Being a real estate attorney, I’ve often thought of buying and renting (or rehabbing) homes. But after watching what others go through…no thank you.

  6. Being a landlord can be a tough job if you rent to folks who don’t take care of your property. Being a slumlord can be an easy job if you don’t take care of your property. Between the two sets of responsibilities, there is both a good business proposition and a solution to homelessness for people who take care of where they live.

    Are there regulations that discourage both dysfunctional behaviors? Figuring that out would require smart, responsible non-partisan people in government. Let’s elect them rather than the Hershal Walkers and prima donnies of the world.

  7. I applaud Senator Quaddoura’s efforts on behalf of tenants. Out of state investors make the worst landlords. We need protection for Hoosier tenants who at times don’t even know how to contact the owner to secure repairs. I hope his proposal gets a hearing this year.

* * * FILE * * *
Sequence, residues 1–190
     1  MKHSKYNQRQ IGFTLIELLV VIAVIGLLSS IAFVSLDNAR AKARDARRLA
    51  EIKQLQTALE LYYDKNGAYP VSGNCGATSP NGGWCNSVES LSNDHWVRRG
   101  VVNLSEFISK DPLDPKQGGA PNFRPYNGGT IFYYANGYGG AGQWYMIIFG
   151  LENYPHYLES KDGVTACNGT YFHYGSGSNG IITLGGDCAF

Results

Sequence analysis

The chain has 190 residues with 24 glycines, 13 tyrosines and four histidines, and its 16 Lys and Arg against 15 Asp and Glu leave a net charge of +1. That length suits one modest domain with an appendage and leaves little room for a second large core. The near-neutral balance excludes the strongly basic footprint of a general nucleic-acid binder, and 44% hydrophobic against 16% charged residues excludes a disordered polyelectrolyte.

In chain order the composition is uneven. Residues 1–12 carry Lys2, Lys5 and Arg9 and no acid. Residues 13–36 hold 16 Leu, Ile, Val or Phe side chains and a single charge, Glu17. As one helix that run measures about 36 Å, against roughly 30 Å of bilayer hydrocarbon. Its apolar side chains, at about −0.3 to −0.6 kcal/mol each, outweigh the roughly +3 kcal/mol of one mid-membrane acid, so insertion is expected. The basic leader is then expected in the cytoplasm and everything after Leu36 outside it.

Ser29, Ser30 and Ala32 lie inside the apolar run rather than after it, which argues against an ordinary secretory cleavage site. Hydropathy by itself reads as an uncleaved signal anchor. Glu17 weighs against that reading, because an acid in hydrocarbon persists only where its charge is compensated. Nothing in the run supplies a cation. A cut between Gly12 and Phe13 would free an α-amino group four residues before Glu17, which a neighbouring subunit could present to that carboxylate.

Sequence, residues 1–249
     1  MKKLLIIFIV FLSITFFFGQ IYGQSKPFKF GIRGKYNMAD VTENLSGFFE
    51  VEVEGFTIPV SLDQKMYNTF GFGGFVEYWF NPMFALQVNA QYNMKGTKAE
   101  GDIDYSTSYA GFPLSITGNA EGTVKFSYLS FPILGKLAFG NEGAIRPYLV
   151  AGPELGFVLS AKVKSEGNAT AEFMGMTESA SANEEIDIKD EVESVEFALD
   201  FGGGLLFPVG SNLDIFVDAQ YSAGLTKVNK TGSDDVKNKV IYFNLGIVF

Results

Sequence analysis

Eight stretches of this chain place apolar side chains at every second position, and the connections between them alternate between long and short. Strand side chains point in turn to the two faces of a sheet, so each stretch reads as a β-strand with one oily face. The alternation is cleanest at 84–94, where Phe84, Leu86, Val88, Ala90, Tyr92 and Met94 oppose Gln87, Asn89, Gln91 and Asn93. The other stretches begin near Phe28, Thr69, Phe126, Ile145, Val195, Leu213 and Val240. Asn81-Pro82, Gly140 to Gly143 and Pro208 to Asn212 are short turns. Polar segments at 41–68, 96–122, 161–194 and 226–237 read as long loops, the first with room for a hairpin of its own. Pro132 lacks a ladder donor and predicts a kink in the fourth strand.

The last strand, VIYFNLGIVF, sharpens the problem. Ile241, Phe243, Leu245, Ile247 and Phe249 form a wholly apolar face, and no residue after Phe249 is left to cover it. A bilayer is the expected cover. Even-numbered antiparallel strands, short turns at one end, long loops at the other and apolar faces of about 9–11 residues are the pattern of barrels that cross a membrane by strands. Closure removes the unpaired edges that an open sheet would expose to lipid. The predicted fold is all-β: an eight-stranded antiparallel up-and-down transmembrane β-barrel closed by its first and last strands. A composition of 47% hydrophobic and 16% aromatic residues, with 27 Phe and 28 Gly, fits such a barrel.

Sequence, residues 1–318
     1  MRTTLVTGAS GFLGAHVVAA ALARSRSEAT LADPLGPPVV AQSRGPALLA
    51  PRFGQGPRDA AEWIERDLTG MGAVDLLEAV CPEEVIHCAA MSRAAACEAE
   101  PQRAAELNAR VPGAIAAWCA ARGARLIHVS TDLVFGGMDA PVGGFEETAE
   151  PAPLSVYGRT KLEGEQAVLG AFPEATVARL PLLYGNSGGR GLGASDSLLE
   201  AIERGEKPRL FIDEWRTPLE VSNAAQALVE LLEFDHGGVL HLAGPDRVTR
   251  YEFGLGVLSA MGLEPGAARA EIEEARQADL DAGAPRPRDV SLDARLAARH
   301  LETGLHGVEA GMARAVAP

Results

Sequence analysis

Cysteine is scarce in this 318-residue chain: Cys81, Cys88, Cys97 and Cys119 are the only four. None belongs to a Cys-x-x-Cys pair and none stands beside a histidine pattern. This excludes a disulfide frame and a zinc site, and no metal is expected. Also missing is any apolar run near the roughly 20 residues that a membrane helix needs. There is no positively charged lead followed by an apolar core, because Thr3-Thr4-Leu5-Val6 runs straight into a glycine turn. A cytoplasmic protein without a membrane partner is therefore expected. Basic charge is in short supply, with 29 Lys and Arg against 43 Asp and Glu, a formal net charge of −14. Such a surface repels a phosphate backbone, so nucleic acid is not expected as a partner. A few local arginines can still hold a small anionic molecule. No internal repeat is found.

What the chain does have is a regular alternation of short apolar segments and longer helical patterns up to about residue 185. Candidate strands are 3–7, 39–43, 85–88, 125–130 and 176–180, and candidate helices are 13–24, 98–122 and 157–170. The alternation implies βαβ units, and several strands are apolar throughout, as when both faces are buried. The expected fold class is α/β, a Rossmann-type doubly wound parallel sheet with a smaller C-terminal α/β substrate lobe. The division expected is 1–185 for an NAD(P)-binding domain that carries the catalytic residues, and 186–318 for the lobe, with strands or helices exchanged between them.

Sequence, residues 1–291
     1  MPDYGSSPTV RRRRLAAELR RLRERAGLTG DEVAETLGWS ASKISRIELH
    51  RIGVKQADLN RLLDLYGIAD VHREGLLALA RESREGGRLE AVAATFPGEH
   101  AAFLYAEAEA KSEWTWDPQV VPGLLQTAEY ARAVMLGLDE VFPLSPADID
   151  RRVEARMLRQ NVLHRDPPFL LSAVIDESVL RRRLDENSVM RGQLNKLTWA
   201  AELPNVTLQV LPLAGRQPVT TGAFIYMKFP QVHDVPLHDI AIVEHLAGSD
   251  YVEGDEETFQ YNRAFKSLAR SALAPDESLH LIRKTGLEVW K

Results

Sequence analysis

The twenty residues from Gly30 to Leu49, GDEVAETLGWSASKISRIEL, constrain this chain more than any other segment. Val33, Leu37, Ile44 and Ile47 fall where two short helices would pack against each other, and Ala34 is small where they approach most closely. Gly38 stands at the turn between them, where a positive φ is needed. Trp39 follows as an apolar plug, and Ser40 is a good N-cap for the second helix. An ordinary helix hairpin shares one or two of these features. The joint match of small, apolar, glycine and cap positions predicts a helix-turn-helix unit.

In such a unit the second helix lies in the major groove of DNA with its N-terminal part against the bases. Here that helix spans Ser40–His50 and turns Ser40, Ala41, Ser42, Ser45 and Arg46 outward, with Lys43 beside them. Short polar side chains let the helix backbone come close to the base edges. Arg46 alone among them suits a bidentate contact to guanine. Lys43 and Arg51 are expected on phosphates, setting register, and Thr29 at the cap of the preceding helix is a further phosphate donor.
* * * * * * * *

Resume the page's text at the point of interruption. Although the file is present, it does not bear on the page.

Another issue I encountered as I was campaigning door to door is the horrible status of mobile home owners. Most parks offer only month to month leases which can be terminated by the owner for any reason. Local owners have been selling to investors who raise lot rents. If a mobile home owner cannot afford the new rent, they can be evicted and lose their mobile home because the cost of moving it is out of reach.

  8. In 2014 at least 3.4 million eligible voters in Indiana did NOT vote, while 1.333 million did. I can’t find newer numbers, but if you ask why nothing changes, well this might just be the answer.

  9. It seems to me that a well written rent escrow law would provide renters protection against exploitative landlords and landlords protection against exploitative renters. That sounds like a win,win solution to some serious problems. But I’m not an attorney, so maybe I’m just being naive.

  10. Gerrymandering is one of my pet peeves. How do we get rid of that, when the party in power wants to keep it?